This paper is really just an academic tempest in a teapot. Statements like this: “…the longest and highest-quality records of historical ocean water levels may underestimate the amount of global average sea level rise that occurred during the 20th century” presuppose that the most important metric is “global average sea level”, which I take it is some average height of the ocean surface relative to the center of the (non-spherical) earth, as if that can actually be measured to sub-millimeter accuracy.
But isn’t the only measure of sea level of real engineering or human significance the local measurement of sea level relative to land that people occupy? And isn’t that exactly what’s been measured by tide gauges for centuries–said measurements showing a constant rate of sea level rise?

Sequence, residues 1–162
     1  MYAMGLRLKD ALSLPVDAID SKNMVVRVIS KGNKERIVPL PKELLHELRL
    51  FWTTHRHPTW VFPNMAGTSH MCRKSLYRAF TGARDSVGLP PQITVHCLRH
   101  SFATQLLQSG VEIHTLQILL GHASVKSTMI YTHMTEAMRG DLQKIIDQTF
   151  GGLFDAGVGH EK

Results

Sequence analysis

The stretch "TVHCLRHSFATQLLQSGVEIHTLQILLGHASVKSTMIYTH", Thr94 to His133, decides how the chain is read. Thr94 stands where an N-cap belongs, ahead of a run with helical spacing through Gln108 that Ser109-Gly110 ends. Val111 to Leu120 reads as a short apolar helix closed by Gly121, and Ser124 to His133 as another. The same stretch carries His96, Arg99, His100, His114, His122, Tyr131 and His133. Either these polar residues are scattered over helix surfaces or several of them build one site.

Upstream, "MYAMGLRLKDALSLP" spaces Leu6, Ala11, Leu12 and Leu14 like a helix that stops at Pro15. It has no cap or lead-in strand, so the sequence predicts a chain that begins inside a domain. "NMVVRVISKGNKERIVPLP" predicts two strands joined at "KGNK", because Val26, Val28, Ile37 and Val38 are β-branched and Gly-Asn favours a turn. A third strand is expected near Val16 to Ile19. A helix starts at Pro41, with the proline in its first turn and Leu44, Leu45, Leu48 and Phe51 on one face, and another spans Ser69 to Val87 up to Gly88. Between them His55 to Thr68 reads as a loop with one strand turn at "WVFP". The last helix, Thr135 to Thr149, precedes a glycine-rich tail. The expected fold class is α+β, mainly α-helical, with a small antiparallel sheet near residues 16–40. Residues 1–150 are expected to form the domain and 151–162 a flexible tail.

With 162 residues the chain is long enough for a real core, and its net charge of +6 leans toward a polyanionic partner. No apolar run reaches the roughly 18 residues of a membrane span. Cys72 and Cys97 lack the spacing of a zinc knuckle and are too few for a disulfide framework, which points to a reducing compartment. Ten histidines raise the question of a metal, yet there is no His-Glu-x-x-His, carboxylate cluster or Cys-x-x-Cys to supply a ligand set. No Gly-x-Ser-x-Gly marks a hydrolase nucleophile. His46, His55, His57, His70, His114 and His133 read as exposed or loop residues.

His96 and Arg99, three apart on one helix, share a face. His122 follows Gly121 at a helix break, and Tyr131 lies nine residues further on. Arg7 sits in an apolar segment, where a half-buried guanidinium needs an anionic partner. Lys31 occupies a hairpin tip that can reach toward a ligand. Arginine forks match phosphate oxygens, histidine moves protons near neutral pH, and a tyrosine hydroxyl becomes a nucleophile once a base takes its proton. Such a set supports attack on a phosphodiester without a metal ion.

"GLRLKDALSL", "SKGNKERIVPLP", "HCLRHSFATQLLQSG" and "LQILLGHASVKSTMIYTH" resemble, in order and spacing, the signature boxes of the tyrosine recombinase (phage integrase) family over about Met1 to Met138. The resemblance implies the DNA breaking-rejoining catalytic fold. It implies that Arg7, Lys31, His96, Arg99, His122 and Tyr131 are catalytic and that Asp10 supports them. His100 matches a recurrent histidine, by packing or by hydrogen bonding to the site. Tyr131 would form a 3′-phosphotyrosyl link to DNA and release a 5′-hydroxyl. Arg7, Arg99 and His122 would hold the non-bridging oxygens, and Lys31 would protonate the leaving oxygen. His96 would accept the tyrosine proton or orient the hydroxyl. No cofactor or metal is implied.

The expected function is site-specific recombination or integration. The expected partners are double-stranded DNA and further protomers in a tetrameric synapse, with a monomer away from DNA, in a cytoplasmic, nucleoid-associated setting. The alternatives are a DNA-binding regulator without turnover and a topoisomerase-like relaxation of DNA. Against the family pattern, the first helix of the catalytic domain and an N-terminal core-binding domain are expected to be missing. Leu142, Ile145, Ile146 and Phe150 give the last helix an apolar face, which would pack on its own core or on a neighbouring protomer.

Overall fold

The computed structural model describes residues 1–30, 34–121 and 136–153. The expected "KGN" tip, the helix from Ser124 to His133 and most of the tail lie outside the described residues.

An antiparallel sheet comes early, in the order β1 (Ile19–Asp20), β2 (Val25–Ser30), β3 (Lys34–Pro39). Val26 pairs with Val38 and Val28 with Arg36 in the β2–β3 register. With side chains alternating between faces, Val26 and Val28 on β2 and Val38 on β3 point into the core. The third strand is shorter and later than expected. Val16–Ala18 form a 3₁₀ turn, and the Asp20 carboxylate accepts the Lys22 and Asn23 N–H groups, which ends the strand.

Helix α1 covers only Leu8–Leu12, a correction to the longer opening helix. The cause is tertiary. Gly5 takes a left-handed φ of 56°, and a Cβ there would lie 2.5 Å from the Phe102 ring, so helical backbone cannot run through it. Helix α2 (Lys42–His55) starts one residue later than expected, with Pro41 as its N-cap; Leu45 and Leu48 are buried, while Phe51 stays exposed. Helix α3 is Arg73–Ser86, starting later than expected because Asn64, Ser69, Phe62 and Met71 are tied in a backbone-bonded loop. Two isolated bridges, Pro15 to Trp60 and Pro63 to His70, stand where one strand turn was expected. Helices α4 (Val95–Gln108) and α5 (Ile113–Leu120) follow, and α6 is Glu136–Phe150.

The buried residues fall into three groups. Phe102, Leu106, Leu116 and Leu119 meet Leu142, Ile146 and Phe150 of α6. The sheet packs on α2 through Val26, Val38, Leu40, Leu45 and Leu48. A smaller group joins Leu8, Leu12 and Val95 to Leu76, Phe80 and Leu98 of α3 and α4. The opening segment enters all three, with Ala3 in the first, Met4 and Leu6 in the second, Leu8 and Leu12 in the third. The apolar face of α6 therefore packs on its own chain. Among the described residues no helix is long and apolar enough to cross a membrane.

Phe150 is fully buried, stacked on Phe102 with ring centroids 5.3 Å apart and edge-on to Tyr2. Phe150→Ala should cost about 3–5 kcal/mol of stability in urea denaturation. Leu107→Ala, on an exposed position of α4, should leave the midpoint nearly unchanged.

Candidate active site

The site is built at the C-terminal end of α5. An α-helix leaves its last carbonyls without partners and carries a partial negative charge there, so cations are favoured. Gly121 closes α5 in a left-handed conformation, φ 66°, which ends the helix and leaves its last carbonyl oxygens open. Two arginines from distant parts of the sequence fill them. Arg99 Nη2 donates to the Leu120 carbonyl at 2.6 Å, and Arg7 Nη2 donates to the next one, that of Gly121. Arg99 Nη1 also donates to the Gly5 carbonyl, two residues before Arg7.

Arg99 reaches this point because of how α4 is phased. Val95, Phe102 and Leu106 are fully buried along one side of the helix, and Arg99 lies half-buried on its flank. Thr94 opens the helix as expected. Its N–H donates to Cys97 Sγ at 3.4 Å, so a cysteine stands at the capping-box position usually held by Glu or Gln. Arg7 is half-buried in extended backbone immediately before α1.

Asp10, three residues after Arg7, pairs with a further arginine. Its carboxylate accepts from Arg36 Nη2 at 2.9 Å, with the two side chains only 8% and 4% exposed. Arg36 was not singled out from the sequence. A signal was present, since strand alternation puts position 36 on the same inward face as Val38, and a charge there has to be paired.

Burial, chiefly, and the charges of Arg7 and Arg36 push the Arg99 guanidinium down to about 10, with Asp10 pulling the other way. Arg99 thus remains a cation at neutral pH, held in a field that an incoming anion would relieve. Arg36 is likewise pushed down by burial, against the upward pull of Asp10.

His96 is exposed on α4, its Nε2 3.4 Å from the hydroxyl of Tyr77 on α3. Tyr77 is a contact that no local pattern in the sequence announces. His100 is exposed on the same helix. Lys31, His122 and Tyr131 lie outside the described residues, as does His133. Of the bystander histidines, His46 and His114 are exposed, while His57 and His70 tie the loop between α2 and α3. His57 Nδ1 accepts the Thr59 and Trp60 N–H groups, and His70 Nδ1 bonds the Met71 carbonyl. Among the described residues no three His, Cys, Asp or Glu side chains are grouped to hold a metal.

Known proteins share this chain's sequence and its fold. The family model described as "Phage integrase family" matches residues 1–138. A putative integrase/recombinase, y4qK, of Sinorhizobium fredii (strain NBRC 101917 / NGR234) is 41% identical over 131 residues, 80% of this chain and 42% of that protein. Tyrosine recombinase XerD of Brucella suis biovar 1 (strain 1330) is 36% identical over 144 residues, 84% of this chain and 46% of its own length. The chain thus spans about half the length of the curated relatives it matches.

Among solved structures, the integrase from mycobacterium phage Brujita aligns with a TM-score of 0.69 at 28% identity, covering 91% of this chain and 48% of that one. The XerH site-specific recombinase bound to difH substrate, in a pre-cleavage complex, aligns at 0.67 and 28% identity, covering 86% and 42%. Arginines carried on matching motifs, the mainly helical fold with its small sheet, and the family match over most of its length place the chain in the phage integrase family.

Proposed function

Academics can speculate and pontificate ad nauseum about complex motions of land, ice, and water which lack empirical support but somehow “might” or “could” magically deliver the observed zero acceleration of tide gauge readings, but so what? Occam’s Razor still applies. If tide gauges show no acceleration in sea level rise, there is no observable impact of CO2 on this most important metric, and no rational basis for a belief that expensive reductions in CO2 emissions would reduce nonexistent acceleration in sea level rise near land that humans occupy.

October 5, 2016 1:24 pm

I imagine they would love to add Kansai Airport to the dataset.